Environmentalist and founder of Sea-Shepherd, Paul Watson talks to media and friends after he was released from prison in Frankfurt, May 21, 2012.
Credits: REUTERS/Kai Pfaffenbach
When we think of pirates, we think of the Disneyfied version, like the lovable Captain Jack Sparrow.
And then there are some semi-literate thugs off the coast of Somalia who make a business out of hijacking ships and demanding a ransom.
But what would a modern, sophisticated pirate in the 21st century look like?
Why, he'd look just like a Canadian criminal named Paul Watson.
Watson got his start long ago, assaulting a police officer in 1979 at a violent protest against the seal hunt. He was sentenced to 10 days in Quebec jail and fined $8,000. See, Watson believes that animals have rights - they shouldn't be clubbed. But he's fine clubbing people, including cops.
Watson's weird that way. He was elected to the board of the Sierra Club on a platform to radically limit immigration. He's anti-people. He believes there should be fewer than a billion people allowed on the Earth. He thinks we're a cancer.
So he's a superfreak. But he's smart. More than that, he's media smart.
But he's still a criminal.
Watson is so extremist, he was kicked out of Greenpeace for being too radical. Given that Greenpeace's specialty is breaking the law, that's really saying something.
But Greenpeace tries to look respectable. Watson has embraced his darker side. He actually has taken the age-old symbol of pirates - the skull and bones, symbolizing death and murder - and made it his official logo. Seriously. He actually flies it on his ships.
Some normal people have a skull and bones for fun - for irony, or as an edgy tattoo, or as a kids' adventure. Not Watson. It's actually his philosophy - just like the Somali thugs.
Watson once told an animal rights conference that "there's nothing wrong with being a terrorist, as long as you win. Then you write the history."
Watson doesn't get rich robbing ships. He gets rich ramming them, videotaping his activities, and then asking liberal donors around the world to give him money for it - because his donors hate things like the seal hunt or shark fishermen. It's a form of pornography - he attacks fishermen at sea, often ramming their ships or spraying them with fire hoses, to the delight of left-wing donors to his "charity."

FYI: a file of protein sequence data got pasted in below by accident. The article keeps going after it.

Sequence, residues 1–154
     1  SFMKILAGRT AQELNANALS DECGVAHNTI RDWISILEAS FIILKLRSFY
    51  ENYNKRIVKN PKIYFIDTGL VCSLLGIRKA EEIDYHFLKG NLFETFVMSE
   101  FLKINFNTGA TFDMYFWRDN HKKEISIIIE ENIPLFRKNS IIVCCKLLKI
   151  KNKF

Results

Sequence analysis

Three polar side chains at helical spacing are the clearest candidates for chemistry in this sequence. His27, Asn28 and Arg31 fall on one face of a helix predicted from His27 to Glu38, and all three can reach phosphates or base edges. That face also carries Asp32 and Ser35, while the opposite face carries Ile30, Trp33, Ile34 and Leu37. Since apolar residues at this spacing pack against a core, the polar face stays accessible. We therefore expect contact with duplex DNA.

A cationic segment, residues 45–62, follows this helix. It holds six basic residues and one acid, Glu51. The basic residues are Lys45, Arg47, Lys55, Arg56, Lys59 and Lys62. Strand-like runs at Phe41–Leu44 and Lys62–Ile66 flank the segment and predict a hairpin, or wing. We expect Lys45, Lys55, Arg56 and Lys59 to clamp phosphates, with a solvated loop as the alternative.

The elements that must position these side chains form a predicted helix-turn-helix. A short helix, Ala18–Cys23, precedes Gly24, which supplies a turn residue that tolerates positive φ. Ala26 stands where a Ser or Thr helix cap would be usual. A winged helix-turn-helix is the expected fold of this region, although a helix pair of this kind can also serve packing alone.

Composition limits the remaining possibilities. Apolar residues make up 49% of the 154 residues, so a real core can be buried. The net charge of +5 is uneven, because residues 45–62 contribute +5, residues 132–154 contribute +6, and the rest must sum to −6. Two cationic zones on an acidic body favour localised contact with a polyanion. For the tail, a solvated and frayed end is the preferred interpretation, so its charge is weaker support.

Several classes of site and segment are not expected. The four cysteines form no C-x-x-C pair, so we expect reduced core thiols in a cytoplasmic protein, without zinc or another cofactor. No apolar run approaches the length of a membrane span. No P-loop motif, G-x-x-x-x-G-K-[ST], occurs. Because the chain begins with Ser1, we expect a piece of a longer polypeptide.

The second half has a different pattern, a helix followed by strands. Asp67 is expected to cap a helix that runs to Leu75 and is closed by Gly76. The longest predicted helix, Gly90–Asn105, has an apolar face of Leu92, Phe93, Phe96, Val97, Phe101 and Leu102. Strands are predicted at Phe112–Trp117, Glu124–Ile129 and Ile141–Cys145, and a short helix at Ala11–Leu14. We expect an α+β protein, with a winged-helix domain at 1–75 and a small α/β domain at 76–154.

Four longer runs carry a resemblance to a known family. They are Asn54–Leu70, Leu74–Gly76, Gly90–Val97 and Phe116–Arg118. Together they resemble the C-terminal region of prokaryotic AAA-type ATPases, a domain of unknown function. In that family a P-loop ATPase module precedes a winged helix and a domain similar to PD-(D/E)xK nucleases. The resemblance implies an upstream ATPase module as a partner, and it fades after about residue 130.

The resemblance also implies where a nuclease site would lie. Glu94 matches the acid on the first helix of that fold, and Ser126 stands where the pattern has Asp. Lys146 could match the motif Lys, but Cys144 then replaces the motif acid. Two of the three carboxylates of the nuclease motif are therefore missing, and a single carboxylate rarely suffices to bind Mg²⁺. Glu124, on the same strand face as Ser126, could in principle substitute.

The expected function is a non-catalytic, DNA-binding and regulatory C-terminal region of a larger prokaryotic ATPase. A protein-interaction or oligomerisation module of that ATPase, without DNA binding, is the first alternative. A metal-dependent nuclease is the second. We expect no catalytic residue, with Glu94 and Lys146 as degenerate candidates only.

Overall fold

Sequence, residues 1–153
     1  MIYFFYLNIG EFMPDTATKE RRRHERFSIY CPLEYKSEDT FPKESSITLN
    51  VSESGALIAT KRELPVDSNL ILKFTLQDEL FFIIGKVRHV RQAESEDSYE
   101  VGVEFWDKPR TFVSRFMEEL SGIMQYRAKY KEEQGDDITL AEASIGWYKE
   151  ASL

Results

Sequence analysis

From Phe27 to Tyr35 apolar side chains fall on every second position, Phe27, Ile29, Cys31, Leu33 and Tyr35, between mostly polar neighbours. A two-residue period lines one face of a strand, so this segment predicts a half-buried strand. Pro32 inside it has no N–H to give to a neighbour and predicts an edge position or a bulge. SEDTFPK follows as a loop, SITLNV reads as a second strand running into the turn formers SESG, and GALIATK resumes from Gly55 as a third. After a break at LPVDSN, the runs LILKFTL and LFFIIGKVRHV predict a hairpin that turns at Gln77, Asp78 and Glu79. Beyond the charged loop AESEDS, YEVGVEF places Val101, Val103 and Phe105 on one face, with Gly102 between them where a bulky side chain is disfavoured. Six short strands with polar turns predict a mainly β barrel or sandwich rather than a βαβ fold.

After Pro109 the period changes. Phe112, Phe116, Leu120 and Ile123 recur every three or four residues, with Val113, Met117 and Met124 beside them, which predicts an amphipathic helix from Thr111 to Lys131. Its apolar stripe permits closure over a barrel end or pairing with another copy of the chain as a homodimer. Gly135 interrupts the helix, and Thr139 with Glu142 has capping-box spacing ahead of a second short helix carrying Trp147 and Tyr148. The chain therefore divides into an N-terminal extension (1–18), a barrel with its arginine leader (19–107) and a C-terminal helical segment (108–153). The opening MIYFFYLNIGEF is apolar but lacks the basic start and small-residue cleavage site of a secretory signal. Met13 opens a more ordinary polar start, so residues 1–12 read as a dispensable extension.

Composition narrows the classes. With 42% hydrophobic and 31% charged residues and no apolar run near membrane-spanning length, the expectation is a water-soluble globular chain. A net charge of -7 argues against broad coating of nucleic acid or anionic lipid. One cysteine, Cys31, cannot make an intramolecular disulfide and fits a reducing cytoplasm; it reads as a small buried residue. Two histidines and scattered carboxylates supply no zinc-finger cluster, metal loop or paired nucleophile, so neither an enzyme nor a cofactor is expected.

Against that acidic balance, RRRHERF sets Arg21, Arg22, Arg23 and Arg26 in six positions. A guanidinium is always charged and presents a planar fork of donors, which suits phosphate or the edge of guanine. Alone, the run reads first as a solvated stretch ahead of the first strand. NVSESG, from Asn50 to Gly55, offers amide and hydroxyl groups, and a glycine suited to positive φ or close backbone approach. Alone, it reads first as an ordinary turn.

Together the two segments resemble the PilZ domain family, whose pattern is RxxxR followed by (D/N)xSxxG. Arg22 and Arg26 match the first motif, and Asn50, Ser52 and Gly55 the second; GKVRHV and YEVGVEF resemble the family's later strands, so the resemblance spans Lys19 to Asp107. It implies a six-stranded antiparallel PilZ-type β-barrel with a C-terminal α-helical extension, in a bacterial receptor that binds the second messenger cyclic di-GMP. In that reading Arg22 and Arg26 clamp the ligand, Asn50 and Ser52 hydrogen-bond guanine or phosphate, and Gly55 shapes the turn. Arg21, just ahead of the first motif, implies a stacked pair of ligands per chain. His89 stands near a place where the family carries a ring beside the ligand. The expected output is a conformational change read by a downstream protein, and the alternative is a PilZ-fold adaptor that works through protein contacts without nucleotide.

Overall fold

He raised $11.4 million that way in 2010. He doesn't hide his piracy. He flaunts it on his Sea Shepherd website. He has a board of directors. He even takes corporate donations, like more than $20,000 from the extremist Tides Foundation, the same "charity" that is funding the attack on Canada's oilsands.
In 2002, Watson was on a massive ship off central America and came across a small boat of poor fishermen catching sharks. Sharks aren't endangered any more than seals are, of course. But Watson knows there are liberal Americans and Europeans who will pay big money to see him harass fishermen like them. And so he sprayed and rammed the little boat until it surrendered, and he captured it and towed it, like a pirate of old.
Except that, unlike in centuries past, these men radioed for help. And when the law started speeding their way, Watson let the fishermen go and bravely ran away.
Until he was arrested in May while flying through Frankfurt. His donors posted $300,000 bail, but he fled Germany, putting out press releases taunting the law.
He's a criminal and a fugitive. But he has big friends. Rich friends. Airhead liberals like Pamela Anderson. The left loves their violence, don't they?
Oh - and you support him too.
Did you know you that? Your taxes helped finance a propaganda film about him called Eco-Pirate, directed by Watson fangirl Trish Dolman. It romanticizes the criminal. It's how he creates his myth that pays the bills.
We should ask for our money back from Dolman. Watson should be prosecuted for piracy. And all of the people who orchestrate and organize his crimes should be prosecuted too - just as they would if they were part of the mafia or a biker gang.